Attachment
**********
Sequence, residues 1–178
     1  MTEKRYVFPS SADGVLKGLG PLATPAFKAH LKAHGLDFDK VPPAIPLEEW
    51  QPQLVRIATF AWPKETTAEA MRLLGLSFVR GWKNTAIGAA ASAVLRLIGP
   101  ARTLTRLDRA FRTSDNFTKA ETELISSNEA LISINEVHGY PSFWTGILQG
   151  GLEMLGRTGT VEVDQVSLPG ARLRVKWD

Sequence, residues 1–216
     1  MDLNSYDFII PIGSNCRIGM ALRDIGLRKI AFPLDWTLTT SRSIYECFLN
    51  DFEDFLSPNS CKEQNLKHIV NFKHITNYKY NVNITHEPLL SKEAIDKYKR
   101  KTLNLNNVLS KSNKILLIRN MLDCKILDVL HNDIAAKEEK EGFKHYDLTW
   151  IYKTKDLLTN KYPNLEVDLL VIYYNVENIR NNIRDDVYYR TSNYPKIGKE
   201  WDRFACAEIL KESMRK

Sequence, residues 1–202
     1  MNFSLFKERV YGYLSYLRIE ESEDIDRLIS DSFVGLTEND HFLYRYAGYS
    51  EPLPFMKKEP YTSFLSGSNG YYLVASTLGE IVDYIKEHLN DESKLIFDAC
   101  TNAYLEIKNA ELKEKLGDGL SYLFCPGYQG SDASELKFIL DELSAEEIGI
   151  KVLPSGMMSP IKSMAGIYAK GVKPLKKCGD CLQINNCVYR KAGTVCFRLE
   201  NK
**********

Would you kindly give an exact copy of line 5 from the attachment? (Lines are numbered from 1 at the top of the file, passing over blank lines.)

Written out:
   151  GLEMLGRTGT VEVDQVSLPG ARLRVKWD